Get Your Kids Into Insects
When reflecting on the interaction of kids and bugs, you’re reminded of how fascinating these little creatures can be – not only to adults, but especially to children.
Unlocking the door to a miniature universe of wonder can be as simple as just poking around under a rock or in the grass. Collecting insects can be a rewarding and educating experience for both you and your child as well as a great opportunity to bond and build a stronger relationship.
You and your little explorer can try these fun ideas, courtesy of Scholastic:
- Listen! Catch a non-stinging insect that makes noise in a paper cup. Crickets and flies are good candidates. Cover the cup with waxed paper and hold it on with a rubber band. Now place your ear against the paper and listen.
- Plant a butterfly garden. In a sunny spot out of the wind, plant blooming varieties like geraniums and hydrangeas, plus plants that provide food for larvae such as Mexican milkweed. Find out what else the butterflies in your area need at butterflywebsite.com.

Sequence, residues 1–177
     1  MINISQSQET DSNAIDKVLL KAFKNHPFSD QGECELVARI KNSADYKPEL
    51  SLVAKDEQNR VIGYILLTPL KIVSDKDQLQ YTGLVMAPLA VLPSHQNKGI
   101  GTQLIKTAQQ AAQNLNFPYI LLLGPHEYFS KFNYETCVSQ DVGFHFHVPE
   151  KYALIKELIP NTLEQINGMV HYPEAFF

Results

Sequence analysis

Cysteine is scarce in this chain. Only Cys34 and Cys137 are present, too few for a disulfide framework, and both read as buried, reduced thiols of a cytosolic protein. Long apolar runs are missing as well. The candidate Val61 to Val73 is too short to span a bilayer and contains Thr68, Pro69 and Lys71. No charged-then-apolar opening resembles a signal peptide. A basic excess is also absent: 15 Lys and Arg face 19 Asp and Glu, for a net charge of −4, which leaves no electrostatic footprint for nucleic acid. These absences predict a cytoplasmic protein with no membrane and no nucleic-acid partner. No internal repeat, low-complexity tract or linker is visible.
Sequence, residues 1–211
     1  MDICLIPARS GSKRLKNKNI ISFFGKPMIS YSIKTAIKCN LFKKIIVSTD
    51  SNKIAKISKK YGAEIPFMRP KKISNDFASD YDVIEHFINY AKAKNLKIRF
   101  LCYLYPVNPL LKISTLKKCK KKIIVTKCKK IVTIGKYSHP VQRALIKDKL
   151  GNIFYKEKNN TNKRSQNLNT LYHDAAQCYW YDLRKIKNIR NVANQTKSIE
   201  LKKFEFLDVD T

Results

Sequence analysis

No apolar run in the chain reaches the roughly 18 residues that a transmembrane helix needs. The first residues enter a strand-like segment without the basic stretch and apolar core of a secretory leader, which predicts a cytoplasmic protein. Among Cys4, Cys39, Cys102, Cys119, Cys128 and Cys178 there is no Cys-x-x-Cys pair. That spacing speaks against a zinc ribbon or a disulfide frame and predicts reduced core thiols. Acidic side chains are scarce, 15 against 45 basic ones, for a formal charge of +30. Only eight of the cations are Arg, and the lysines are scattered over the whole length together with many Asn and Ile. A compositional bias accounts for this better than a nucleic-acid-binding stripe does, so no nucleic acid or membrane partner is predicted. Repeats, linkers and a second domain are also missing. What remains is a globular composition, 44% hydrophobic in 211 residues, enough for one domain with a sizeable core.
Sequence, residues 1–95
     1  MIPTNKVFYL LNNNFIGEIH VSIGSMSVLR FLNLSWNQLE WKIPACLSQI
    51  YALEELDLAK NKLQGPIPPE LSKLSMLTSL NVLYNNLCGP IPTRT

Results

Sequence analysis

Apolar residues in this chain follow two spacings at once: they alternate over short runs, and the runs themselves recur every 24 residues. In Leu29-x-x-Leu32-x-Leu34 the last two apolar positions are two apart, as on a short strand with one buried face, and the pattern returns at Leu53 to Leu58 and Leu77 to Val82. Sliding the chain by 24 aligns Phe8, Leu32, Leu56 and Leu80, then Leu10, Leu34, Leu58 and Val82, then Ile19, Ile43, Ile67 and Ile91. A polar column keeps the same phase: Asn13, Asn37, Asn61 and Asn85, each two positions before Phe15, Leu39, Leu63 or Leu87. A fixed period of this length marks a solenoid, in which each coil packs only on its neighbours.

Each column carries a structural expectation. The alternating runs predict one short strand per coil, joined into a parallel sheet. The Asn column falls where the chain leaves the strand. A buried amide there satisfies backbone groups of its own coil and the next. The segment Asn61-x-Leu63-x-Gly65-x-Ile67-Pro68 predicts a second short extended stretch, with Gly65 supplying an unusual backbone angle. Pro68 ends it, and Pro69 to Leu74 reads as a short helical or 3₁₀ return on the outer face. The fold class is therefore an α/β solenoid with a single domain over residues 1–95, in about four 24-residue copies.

- Do the worker-bee waggle! Honeybees “dance” to communicate the location and distance of a nectar stash to the other bees. Talk with your kids about this fascinating communication, and then make up your own version.
- Take an umbrella out on a sunny day. Place it open upside down under a leafy, low-hanging branch. Shake the branch like you mean it — then identify what lands in your umbrella with an insect book or online.
Tools for the Trade
These items will make your child feel like a real scientist:
- Butterfly net
- Tweezers (only for dead specimens)
- Observation jar (punch holes in the lid of a clean jar)
- Magnifying glass
- Notebook for recording thoughts and sketches
- Bug and spider identification book like Simon & Schuster Children’s Guide to Insects and Spiders (Simon & Schuster, $23; ages 9 to 12) or Don’t Squash That Bug: The Curious Kid’s Guide to Insects (Lobster Press, ages 4 to 8, $15)
- Referencing Massey’s Bug Database
Massey Services provides pest prevention services for residential and commercial properties, but not all insects are harmful.
Have fun exploring!